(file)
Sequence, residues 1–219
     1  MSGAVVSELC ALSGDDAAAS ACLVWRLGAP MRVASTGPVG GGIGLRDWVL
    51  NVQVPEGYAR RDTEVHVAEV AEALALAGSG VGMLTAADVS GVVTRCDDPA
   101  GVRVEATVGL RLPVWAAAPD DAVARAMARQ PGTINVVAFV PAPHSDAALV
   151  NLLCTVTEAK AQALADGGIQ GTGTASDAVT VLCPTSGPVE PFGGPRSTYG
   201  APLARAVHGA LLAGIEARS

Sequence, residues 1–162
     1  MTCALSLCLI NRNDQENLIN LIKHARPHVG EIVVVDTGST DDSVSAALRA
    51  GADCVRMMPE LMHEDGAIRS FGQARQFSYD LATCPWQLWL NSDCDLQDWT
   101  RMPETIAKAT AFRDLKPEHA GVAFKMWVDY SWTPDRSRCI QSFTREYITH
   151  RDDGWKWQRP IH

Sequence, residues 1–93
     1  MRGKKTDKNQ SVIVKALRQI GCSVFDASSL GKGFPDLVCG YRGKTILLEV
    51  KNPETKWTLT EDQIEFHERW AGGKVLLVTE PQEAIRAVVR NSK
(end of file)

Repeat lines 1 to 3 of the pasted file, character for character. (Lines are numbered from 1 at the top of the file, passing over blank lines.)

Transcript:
Sequence, residues 1–219
     1  MSGAVVSELC ALSGDDAAAS ACLVWRLGAP MRVASTGPVG GGIGLRDWVL
    51  NVQVPEGYAR RDTEVHVAEV AEALALAGSG VGMLTAADVS GVVTRCDDPA